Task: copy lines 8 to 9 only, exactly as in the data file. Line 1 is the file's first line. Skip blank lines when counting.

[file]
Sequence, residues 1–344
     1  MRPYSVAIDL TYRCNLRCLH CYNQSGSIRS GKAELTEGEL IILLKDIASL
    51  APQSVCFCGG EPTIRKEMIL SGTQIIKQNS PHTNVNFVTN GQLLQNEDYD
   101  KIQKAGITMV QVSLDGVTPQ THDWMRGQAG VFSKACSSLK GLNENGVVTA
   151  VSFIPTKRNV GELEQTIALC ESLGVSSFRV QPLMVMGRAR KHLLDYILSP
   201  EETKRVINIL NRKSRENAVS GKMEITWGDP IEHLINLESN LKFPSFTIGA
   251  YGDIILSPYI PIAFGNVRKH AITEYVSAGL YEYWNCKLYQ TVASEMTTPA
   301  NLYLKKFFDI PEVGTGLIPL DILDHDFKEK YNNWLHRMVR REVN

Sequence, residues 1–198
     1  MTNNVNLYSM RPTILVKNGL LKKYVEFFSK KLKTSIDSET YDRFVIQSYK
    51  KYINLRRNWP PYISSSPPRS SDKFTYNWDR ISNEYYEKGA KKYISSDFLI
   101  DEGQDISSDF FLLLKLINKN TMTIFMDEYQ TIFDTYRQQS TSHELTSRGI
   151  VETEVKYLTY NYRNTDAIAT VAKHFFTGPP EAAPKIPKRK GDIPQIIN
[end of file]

   301  NLYLKKFFDI PEVGTGLIPL DILDHDFKEK YNNWLHRMVR REVN

Sequence, residues 1–198